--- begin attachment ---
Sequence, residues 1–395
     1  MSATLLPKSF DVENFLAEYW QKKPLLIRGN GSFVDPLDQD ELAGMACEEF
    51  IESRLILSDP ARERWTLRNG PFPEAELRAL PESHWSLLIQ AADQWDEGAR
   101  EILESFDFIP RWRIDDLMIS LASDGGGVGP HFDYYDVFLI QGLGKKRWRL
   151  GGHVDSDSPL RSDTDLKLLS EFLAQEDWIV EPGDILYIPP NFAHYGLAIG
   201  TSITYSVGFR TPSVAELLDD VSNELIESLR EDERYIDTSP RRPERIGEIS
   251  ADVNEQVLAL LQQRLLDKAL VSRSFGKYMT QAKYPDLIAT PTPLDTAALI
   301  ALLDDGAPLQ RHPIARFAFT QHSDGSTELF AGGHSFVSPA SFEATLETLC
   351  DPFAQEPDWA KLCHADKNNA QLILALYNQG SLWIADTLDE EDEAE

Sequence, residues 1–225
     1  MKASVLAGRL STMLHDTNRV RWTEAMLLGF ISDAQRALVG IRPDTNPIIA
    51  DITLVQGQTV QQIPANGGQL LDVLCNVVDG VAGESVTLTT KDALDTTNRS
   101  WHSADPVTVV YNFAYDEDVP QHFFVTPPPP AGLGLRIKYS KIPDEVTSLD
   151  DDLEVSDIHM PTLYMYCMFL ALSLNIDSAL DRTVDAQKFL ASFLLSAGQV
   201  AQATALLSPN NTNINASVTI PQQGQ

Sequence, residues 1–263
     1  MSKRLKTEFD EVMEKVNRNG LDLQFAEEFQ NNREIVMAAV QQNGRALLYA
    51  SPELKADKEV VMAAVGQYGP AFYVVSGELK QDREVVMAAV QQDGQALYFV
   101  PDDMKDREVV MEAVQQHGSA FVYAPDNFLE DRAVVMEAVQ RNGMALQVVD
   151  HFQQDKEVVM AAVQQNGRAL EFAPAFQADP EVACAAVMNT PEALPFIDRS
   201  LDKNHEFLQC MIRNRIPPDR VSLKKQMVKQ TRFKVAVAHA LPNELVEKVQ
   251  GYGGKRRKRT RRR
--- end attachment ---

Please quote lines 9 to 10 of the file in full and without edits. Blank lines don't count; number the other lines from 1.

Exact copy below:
   351  DPFAQEPDWA KLCHADKNNA QLILALYNQG SLWIADTLDE EDEAE

Sequence, residues 1–225